Overrated or over-hated? The debate over Valentine’s Day

The day that everyone loves to hate (or hates to love)

Emily Paulin and Kara Dwyer

Valentine’s Day: a celebration of love or a commercial stunt? Two of our Opinions writers go head-to-head over love day.

Valentine’s Day is overrated

The Commercialization of Love Devalues the Reality

By: Emily Paulin, Opinions Writer


Valentine’s Day is both the couple’s and the lonely individual’s nightmare: the celebration, and commercialization, of love. Celebrating love and showing appreciation for your romantic partner is great, but Valentine’s Day devalues it. 

Valentine’s Day twists relationships; it shouldn’t be about the tangible things, it’s about the interpersonal support and the effort each person puts into the relationship. The holiday pressures couples to prove their love and devotion to each other, making them stress about the perfect gift or gesture. However, the gifts, chocolates, cards and fancy dinners hide all of the hard work, and fail to recognize the value of mutual support and trust, as well as promote unrealistic standards for relationships. 

Valentine’s Day commercializes love and devalues it. It makes love all about showering your significant other with gifts and proving your devotion to them by spending money. According to the National Revenue Federation, US adults will be “spending a total of $26.8 billion” this year for Valentine’s Day gifts and gestures, and “those celebrating plan to spend an average of $164.76.” Though these data are from adults, they demonstrate how Valentine’s Day makes love about the big gestures, the roses, the chocolate and the fancy dinners.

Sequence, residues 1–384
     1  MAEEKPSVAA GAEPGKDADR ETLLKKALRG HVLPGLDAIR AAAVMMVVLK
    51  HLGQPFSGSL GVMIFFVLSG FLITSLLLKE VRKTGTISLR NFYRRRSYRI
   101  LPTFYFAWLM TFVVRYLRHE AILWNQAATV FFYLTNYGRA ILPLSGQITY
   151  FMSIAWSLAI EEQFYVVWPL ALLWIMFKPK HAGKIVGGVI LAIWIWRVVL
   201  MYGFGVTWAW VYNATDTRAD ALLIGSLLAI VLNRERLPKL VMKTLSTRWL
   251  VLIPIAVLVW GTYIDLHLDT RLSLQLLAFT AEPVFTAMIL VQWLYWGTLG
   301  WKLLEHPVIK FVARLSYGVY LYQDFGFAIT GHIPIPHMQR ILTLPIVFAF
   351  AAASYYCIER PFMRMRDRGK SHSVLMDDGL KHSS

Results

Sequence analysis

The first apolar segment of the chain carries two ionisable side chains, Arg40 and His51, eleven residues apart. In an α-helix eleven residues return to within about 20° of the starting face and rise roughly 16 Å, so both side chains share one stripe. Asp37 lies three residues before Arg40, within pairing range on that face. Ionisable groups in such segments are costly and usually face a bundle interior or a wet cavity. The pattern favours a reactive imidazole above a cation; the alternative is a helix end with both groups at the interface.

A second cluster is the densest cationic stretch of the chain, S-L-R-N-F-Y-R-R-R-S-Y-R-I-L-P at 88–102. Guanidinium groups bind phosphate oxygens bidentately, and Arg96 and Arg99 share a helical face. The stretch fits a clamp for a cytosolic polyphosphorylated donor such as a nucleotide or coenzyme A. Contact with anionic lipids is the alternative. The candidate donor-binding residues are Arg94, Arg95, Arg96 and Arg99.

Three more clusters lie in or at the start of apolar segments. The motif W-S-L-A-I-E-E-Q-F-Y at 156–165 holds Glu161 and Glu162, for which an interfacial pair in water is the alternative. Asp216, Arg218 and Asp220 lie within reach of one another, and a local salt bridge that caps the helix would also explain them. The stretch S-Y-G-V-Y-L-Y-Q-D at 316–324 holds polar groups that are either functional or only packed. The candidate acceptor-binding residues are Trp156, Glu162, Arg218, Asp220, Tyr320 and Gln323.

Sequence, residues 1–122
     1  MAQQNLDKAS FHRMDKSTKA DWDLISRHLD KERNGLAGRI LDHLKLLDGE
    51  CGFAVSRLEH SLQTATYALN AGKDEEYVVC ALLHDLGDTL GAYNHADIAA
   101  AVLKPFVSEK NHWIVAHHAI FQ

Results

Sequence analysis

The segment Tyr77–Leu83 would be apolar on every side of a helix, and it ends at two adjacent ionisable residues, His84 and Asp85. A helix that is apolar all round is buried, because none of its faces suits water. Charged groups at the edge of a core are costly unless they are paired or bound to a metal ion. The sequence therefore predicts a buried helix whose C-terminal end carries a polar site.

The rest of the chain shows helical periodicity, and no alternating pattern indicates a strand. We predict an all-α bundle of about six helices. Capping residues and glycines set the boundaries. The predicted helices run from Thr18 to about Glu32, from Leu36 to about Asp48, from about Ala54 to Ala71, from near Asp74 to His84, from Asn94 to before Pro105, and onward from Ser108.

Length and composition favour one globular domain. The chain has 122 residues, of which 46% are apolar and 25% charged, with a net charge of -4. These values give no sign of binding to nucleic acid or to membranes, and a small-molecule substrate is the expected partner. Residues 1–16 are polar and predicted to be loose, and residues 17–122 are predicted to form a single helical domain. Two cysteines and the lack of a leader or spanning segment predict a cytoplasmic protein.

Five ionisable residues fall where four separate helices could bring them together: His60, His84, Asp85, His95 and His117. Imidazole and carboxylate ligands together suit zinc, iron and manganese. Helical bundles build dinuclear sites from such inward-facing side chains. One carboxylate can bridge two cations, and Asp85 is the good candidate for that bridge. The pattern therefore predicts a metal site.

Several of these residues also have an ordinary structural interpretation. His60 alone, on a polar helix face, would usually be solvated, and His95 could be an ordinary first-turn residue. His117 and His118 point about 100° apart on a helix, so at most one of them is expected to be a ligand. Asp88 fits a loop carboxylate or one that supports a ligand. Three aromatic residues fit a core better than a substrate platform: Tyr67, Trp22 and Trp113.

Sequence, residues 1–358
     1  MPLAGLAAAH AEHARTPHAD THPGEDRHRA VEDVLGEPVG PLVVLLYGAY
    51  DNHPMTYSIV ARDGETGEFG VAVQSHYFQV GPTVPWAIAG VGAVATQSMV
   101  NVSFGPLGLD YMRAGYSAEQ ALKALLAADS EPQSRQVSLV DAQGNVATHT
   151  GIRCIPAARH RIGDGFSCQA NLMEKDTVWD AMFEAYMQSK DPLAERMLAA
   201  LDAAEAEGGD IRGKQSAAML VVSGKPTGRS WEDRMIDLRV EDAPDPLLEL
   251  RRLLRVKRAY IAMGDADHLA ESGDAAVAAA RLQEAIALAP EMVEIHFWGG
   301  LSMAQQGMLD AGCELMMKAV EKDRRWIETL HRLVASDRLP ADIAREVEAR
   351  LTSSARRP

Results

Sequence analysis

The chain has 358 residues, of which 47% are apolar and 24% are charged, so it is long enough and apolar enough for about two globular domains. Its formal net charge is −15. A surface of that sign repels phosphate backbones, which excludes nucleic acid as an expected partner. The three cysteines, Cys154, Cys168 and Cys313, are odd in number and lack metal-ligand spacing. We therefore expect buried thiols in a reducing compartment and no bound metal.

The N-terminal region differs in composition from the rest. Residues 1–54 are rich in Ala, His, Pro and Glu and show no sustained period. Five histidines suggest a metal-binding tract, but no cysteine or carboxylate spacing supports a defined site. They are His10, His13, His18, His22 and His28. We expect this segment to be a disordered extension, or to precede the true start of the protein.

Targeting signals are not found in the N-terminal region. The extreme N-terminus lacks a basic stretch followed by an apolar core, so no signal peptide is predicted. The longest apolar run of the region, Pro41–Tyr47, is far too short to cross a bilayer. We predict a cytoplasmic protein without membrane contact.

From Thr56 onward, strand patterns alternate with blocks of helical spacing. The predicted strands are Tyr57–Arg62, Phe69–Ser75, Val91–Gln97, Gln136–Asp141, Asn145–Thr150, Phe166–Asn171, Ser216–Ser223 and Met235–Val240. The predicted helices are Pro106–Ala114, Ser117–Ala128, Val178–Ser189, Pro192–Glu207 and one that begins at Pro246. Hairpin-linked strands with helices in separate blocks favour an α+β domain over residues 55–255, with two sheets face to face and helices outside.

Finally, for those not in relationships, Valentine’s Day is an annoyance and sometimes a painful reminder of what one doesn’t have. It promotes the standard that people should want to be in a relationship. It offers an excuse for couples to post about how much they love each other, leaving those who do want a relationship disappointed and jealous. 

Overall, celebrating love and demonstrating affection are admirable goals, but Valentine’s Day devalues the time and effort of relationships. It reminds others of what they want but don’t have. Valentine’s Day makes it all about the big gestures and expensive gifts, leaving everyone else lonely.


Valentine’s Day is over-hated

It’s time to give February 14th a chance.

By: Kara Dwyer, Opinions Assistant Editor


Walking through the aisles of a Target, Walmart or just about any other store in late January into February is typically dreadful for single people. The most notorious holiday quickly approaches in the chill of winter: Valentine’s Day. According to a study done by the Statista Research department, only 52% of Americans plan to celebrate Valentine’s Day. Still, it doesn’t have to be this way.  By no longer ignoring the red and pink shelves, Valentine’s Day haters can find true appreciation for the 14th. 

The idea that Valentine’s Day is exclusively for couples is outdated; people need to look past the stigma that surrounds the holiday. Even without a fancy dinner or a special someone to exchange gifts with, single people can still find ways to appreciate chocolate hearts and candies. Why not take advantage of the 14th to show love to friends and family or yourself? Love is not just romantic, it’s also platonic.

With the stress and dreariness that winter months can bring, a token of appreciation goes a long way for most. According to Brittany Jakubiak, a psychology researcher at Syracuse University, “There are broad benefits of receiving and providing affection in close relationships… [such as] reduced stress, more positive mood, greater overall satisfaction with life and even a lower risk of catching a cold.” Use Valentine’s Day as an excuse to shower your loved ones with candy, roses and even just a short letter to show your appreciation for them; make the day your own!

It’s time to accept that Valentine’s Day is an unavoidable event that we should all make the most of. Seasonal depression is at an all-time high, especially because of the pandemic. Take the time to make new traditions, enjoy the wide selection of chocolates and realize that the holiday is unnecessarily over-hated.